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On March 21, 2019, I will have the honor of speaking at the TAUS Global Content Summit in New York. I believe translators and interpreters need a new identity. Translators must be capable of interpreting and interpreters must be qualified in translation. Transinterpreters embrace new tools, are savvy in today’s technology, are digital and mobile. They acquire soft skills to adapt to fast change and solve problems in original ways. I suggest these future Transinterpreters will be recruited from new pools of bilingual individuals worldwide.
Sidenote: I believe “old guard” translators and interpreters might be able to hold on to some niche markets as the “experts” in their fields. But if they continue to remain ignorant in the technologies of our world (electronic, virtual, digital, mobile, and similar), maybe that time will not last much either. For example, literary translators and conference interpreters might have a longer “shelf-life” than other old-school translators and interpreters, but maybe just for one decade or two.
As the world changes, every profession and craft must adapt to the changes in their world. Even artists such as painters and writers have learned to use the technologies of our time and the changes in the social conditions and communication channels. So too, the specific needs for translators and interpreters have changed. What we are expected to do, how, where, and even why and whom with, all has changed in the past two or three decades.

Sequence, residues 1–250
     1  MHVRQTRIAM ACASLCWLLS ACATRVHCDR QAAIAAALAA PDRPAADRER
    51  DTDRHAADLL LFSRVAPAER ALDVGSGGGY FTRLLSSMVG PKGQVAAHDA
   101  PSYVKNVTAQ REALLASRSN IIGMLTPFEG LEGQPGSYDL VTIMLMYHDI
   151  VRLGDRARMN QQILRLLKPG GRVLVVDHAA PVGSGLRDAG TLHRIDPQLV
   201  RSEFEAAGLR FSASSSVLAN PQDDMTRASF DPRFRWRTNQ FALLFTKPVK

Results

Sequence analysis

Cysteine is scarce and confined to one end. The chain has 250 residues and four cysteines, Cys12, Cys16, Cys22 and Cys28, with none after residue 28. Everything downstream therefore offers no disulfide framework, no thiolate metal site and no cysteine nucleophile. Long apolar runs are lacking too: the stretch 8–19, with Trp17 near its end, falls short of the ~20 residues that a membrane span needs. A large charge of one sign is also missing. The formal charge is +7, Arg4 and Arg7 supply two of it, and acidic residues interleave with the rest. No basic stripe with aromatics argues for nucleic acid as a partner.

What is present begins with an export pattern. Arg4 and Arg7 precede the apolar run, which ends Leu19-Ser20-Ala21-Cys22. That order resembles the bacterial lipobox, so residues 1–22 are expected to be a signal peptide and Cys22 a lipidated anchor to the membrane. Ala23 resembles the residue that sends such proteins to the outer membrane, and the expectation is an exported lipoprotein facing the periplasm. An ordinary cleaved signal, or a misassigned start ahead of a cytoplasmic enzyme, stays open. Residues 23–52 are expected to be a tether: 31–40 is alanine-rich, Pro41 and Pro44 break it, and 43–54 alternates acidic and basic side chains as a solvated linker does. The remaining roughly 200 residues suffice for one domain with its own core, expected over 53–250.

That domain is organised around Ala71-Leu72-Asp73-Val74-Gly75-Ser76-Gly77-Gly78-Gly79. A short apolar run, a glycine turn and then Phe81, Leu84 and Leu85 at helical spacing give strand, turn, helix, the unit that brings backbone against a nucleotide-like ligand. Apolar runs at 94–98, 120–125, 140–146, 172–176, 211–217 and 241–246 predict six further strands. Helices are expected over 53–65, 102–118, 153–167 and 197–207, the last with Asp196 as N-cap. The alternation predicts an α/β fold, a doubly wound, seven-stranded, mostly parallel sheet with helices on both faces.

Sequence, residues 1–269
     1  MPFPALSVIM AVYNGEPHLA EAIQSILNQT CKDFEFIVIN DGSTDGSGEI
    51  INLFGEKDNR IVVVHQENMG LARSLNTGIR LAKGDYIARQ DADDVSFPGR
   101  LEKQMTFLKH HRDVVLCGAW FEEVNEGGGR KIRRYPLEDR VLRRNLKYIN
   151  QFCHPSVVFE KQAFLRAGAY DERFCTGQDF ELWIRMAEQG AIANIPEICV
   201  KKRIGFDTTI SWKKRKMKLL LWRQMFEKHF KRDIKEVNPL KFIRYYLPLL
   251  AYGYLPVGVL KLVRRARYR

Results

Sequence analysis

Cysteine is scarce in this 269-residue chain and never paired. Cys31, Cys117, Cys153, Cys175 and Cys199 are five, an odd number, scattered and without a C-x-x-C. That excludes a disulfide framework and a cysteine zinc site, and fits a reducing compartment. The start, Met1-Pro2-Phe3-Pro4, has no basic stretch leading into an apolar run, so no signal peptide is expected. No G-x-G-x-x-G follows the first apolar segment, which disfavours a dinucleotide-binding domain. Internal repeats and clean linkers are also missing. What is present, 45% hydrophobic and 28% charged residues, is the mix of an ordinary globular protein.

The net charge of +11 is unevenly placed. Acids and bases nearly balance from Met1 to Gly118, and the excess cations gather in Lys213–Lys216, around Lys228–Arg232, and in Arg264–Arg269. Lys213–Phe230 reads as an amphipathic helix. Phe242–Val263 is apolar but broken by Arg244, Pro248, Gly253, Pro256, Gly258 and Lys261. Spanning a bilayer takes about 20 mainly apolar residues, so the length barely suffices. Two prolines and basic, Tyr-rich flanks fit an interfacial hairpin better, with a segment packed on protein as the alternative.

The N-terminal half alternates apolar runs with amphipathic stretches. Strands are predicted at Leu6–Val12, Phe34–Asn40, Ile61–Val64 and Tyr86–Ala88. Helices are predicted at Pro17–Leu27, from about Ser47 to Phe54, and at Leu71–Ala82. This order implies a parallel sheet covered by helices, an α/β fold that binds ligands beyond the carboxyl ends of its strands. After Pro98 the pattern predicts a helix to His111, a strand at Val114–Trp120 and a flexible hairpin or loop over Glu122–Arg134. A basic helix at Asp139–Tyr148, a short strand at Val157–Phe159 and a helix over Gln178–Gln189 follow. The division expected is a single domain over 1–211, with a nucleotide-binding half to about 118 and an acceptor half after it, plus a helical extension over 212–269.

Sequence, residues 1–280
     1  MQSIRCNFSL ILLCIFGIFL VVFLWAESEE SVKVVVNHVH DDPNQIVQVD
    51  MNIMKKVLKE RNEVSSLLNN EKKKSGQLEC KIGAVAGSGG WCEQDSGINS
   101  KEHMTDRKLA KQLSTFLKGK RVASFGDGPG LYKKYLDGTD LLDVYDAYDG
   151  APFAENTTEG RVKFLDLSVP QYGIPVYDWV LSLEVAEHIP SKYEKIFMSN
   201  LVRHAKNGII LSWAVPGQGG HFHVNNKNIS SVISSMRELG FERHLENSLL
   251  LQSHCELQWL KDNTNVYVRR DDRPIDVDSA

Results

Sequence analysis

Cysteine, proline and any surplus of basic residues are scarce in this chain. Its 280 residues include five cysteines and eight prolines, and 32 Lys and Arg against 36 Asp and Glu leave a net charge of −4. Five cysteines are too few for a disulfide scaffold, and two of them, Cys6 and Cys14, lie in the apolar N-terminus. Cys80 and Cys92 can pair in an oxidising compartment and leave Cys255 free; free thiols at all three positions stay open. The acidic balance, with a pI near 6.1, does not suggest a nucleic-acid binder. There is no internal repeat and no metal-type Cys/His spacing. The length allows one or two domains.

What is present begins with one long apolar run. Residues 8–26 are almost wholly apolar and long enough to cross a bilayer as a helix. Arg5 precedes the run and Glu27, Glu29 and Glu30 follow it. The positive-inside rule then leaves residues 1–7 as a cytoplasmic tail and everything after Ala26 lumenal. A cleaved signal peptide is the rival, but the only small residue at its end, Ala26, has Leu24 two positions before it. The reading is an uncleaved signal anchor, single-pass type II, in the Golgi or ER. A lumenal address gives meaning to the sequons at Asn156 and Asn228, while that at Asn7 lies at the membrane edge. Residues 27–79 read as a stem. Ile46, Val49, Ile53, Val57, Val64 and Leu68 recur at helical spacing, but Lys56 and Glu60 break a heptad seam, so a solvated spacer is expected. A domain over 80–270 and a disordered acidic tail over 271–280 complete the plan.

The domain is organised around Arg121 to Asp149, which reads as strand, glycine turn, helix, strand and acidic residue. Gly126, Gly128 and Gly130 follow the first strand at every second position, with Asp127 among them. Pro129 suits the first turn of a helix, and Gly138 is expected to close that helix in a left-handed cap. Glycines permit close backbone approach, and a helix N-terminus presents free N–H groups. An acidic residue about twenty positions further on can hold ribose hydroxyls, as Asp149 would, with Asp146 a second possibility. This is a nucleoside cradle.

To give you an example, in 2011 I started some of the first webinars on remote interpreting, using phone and video. I received some comments from “experts” who had a strong position against the concept of remote interpreting. Today, it is a tried and true means of delivering interpreting, to the point that even conference interpreters are entering the world of working from remote locations.
In the field of translation, in 2013 I predicted that in a few years we would be starting most of our translations with a draft pre-translated by a machine. Post-editing is now widely used commercially and the pace is growing exponentially, to the point that even post-editing of machine translation may already be replaced by just the tasks of revision. And yes, I know that a huge amount of companies and individuals still don’t use machine translation, but they soon will, as the technology becomes cheaper and easier to use.
I will now admit that translators and interpreters will not be replaced (in the short-term) by technology, but insist they will be replaced by other translators and interpreters USING technology. This is already proving to be correct. Many have seen dramatic drops in their workloads. I am guessing they are the non-tech-savvy. Others, on the contrary, have seen dramatic increases in their workloads. They are, I believe, the tech-savvy ones.